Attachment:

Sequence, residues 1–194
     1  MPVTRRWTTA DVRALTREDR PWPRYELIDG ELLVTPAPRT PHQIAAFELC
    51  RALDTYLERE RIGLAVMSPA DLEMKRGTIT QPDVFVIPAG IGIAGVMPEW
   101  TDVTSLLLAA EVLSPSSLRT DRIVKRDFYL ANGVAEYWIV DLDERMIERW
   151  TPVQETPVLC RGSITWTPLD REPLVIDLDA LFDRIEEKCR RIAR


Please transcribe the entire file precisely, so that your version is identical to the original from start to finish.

Sequence, residues 1–194
     1  MPVTRRWTTA DVRALTREDR PWPRYELIDG ELLVTPAPRT PHQIAAFELC
    51  RALDTYLERE RIGLAVMSPA DLEMKRGTIT QPDVFVIPAG IGIAGVMPEW
   101  TDVTSLLLAA EVLSPSSLRT DRIVKRDFYL ANGVAEYWIV DLDERMIERW
   151  TPVQETPVLC RGSITWTPLD REPLVIDLDA LFDRIEEKCR RIAR